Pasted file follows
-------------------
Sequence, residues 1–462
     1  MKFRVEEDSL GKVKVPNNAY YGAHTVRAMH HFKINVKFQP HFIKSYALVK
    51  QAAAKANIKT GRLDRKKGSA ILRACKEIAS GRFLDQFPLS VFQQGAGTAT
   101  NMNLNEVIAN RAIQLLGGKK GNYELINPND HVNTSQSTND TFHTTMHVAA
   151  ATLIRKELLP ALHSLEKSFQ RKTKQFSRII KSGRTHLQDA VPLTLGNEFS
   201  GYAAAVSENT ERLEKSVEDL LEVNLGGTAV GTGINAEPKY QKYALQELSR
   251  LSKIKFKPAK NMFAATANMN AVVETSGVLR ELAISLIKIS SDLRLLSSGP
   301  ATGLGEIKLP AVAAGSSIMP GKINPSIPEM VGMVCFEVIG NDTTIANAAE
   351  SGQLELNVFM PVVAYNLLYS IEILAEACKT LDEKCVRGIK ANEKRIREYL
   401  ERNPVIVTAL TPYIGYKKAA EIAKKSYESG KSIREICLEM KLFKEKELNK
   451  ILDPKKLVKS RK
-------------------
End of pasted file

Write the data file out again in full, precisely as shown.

Sequence, residues 1–462
     1  MKFRVEEDSL GKVKVPNNAY YGAHTVRAMH HFKINVKFQP HFIKSYALVK
    51  QAAAKANIKT GRLDRKKGSA ILRACKEIAS GRFLDQFPLS VFQQGAGTAT
   101  NMNLNEVIAN RAIQLLGGKK GNYELINPND HVNTSQSTND TFHTTMHVAA
   151  ATLIRKELLP ALHSLEKSFQ RKTKQFSRII KSGRTHLQDA VPLTLGNEFS
   201  GYAAAVSENT ERLEKSVEDL LEVNLGGTAV GTGINAEPKY QKYALQELSR
   251  LSKIKFKPAK NMFAATANMN AVVETSGVLR ELAISLIKIS SDLRLLSSGP
   301  ATGLGEIKLP AVAAGSSIMP GKINPSIPEM VGMVCFEVIG NDTTIANAAE
   351  SGQLELNVFM PVVAYNLLYS IEILAEACKT LDEKCVRGIK ANEKRIREYL
   401  ERNPVIVTAL TPYIGYKKAA EIAKKSYESG KSIREICLEM KLFKEKELNK
   451  ILDPKKLVKS RK